David Miliband has backed his brother Ed saying he would make a good prime minister - and hinted a return to politics may be on the cards.
The former foreign secretary, who lost out in the party's leadership contest to Ed, said his brother has "the clarity, the vision, the determination" to lead the country.
In an interview with the Financial Times, he said his current job as head of NGO International Rescue Committee could be useful for a political career in the future.
He told the paper: "Tony Blair and John Major have said they wish they'd done their post premiership jobs before they became prime minister."
Ed Miliband has endured an intense bout of speculation about his future recently, with deep unrest among the ranks of backbench MPs and claims that some of his top team are plotting against him.
Last month, Tony Blair said he thought Mr Miliband is ''robust enough'' to deal with the swirling unrest over his leadership, and offered his ''full support''.
Ed Miliband delivered a speech on the public finances today that was short of new policy detail, but marked a change in tone from the Labour leader.
He has committed his party to balancing the book over the course of the next Parliament.
This would mean budgets falling across Whitehall, except in "a limited number of protected departments", Mr Miliband said.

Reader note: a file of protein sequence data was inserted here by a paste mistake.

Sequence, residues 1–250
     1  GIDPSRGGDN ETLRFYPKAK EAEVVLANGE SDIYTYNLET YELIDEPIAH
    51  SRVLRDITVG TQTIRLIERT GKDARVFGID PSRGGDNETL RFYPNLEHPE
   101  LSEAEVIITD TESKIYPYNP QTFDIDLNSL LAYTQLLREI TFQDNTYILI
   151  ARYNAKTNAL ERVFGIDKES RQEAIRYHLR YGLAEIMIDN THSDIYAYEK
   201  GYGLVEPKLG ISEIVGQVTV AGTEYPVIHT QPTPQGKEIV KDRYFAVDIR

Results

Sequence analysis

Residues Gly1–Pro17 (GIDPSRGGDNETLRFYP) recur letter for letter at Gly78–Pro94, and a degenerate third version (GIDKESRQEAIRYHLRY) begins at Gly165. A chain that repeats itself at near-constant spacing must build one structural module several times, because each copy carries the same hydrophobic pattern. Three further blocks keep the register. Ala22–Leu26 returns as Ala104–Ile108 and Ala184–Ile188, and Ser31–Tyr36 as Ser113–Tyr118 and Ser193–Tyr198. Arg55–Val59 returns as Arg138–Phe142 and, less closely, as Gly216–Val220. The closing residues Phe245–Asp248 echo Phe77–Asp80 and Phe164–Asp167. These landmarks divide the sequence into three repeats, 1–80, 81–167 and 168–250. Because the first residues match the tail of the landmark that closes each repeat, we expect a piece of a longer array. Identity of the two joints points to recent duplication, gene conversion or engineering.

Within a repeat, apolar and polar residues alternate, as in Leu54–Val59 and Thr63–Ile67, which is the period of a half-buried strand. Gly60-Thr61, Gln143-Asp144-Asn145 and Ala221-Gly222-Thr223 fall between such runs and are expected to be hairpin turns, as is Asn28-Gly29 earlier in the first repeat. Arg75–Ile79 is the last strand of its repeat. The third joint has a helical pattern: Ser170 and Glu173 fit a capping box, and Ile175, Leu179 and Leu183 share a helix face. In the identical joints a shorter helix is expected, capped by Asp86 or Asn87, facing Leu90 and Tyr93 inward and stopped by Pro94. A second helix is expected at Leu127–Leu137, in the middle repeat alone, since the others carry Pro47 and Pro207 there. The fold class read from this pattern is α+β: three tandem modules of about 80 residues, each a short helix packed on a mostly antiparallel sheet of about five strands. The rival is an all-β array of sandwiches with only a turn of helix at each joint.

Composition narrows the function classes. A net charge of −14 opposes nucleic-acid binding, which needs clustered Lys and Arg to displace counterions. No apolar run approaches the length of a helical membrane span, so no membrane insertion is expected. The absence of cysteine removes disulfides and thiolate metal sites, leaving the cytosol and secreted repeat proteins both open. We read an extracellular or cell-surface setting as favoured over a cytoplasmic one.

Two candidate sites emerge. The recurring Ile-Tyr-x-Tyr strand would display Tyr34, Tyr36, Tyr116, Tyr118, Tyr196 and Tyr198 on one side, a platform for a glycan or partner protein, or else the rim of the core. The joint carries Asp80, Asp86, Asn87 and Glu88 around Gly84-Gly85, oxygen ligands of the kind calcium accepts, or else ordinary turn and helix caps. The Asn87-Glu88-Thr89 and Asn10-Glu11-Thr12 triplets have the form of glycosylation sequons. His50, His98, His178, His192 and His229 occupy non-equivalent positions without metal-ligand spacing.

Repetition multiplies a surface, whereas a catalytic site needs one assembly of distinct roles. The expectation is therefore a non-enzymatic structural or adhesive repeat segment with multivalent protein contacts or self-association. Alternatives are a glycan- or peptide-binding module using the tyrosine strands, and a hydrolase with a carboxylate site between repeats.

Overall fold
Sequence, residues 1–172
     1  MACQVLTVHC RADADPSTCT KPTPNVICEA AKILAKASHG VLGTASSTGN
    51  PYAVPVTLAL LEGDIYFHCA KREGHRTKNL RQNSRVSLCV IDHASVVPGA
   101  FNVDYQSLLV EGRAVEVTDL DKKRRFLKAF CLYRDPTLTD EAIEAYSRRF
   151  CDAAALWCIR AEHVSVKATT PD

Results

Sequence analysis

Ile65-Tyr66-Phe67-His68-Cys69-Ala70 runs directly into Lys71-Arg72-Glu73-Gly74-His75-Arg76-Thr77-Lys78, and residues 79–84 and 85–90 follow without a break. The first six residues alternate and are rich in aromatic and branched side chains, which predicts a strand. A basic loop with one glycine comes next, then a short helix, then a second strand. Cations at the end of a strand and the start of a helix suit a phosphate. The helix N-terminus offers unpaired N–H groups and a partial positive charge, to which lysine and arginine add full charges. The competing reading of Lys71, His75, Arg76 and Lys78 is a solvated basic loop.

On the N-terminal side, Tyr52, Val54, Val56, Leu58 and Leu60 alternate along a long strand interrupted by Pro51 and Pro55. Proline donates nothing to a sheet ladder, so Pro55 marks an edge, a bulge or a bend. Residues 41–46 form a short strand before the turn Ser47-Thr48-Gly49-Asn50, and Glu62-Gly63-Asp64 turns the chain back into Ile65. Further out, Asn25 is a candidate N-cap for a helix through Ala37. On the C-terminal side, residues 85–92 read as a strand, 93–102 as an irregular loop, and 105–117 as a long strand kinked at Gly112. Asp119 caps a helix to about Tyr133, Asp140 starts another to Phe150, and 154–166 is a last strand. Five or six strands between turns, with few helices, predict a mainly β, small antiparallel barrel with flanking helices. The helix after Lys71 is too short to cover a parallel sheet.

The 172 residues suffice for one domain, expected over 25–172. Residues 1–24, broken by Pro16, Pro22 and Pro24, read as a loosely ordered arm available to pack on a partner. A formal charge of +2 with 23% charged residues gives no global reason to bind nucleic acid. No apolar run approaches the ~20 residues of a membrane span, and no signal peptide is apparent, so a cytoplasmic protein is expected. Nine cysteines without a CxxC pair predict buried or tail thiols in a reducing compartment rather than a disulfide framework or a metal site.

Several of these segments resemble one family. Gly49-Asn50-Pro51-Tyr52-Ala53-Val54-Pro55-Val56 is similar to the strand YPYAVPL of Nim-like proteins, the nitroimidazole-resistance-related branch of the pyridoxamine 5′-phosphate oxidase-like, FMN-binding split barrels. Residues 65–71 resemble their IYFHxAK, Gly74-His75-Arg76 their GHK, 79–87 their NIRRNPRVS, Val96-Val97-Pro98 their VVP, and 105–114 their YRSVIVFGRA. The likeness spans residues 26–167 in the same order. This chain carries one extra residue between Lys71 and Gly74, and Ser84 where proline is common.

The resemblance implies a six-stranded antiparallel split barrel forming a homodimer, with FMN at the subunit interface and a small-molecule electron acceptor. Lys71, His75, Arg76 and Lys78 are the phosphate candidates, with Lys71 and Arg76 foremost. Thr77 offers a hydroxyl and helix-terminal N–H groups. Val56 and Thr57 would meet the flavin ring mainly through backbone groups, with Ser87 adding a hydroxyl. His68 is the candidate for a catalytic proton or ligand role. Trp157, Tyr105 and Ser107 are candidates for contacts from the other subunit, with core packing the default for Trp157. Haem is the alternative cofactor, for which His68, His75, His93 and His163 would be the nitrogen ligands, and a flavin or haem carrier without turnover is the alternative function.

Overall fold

ITV News Political Editor Tom Bradby reports.
Ed Miliband has denied his economic policy speech contained "nothing new" after ITV News Political Editor Tom Bradby questioned the Labour leader.
"I don't agree with that Tom, it won't surprise you to know," Miliband said.
"We're setting out ... what the backdrop will be for a Labour government."
"I'm saying very clearly that outside a limited number of protected departments, budgets will be falling year-on-year until we have the current budget in balance," he added.
Labour leader Ed Miliband has made his first pledge ahead of next year's General Election - to "balance the books".
ITV News Westminster Producer Adam Smith reports:
Ed Miliband has suggested the Conservatives' economic plan will "take Britain back to the 1930s" in a speech setting out Labour's plans to tackle the deficit.
However ITV News Political Editor Tom Bradby is unsure whether the comparison is "useful":
Am not sure this comparison with the 1930s is useful. No, we didn't have the NHS, but we did have an Empire and huge military.
Ed Miliband will pledge to cut public spending to tackle the deficit as he lays out Labour's economic plan.Read the full story ›
Labour leader Ed Miliband took questions from young voters on unemployment, internships, immigration, the NHS and surveillance among many other issues in tonight's Leaders Live.
Watch the highlights from the live Q&A:
Leaders Live: Labour leader Ed Miliband has pledged to lower the voting age to 16 if he is PM after next year's General Election.Read the full story ›
Labour leader Ed Miliband has pledged to lower the voting age to 16 if he is elected at next year's General Election.
Speaking at the Bite the Ballot's Leaders Live season, he promised to introduce legislation in the first session of the next Parliament which would allow 16 and 17 year olds to vote in elections from May 2016.
Mr Miliband said: "That is part of our commitment to hearing the voice of young people."
"I think we need to hear the voice of young people more in our democracy.
"It's a sign of trust in young people".
Leaders Live continues tonight with Labour Party leader Ed Miliband answering your questions on the jobs, health, democracy and immigration.Read the full story ›